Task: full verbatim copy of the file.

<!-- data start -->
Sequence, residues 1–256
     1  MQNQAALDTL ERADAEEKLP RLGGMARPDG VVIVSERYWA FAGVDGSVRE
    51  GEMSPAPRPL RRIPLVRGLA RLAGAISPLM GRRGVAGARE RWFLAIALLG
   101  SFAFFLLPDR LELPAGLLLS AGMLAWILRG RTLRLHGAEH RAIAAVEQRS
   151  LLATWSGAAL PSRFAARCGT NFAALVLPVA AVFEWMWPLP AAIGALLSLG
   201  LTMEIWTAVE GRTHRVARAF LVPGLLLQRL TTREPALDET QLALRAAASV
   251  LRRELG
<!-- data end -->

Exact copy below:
Sequence, residues 1–256
     1  MQNQAALDTL ERADAEEKLP RLGGMARPDG VVIVSERYWA FAGVDGSVRE
    51  GEMSPAPRPL RRIPLVRGLA RLAGAISPLM GRRGVAGARE RWFLAIALLG
   101  SFAFFLLPDR LELPAGLLLS AGMLAWILRG RTLRLHGAEH RAIAAVEQRS
   151  LLATWSGAAL PSRFAARCGT NFAALVLPVA AVFEWMWPLP AAIGALLSLG
   201  LTMEIWTAVE GRTHRVARAF LVPGLLLQRL TTREPALDET QLALRAAASV
   251  LRRELG